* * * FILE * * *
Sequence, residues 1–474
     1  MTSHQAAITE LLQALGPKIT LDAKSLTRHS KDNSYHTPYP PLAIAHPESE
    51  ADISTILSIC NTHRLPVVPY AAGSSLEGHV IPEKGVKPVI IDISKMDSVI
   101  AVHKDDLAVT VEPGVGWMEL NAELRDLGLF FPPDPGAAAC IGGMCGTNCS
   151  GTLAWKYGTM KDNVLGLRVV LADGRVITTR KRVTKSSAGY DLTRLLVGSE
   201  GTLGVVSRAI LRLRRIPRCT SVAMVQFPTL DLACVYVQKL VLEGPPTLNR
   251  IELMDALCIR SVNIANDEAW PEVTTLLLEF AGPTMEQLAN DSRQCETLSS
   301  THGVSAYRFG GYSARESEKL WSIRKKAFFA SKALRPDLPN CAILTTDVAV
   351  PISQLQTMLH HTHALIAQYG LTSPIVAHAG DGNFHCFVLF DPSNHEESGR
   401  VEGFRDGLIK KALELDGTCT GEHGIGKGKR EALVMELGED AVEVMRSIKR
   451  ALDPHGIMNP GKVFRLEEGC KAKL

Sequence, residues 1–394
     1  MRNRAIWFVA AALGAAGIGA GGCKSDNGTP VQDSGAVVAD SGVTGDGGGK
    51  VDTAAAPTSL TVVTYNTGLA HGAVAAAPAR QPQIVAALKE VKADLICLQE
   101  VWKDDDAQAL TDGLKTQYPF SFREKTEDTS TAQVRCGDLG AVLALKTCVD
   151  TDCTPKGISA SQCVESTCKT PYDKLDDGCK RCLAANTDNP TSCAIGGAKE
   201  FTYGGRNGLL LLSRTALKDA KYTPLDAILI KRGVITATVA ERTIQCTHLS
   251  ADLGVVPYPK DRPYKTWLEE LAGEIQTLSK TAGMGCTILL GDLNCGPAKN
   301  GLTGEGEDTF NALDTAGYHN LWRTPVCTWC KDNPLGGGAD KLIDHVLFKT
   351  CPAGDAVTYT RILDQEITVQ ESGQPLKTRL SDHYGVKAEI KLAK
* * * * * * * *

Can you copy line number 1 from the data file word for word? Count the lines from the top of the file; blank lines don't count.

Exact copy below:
Sequence, residues 1–474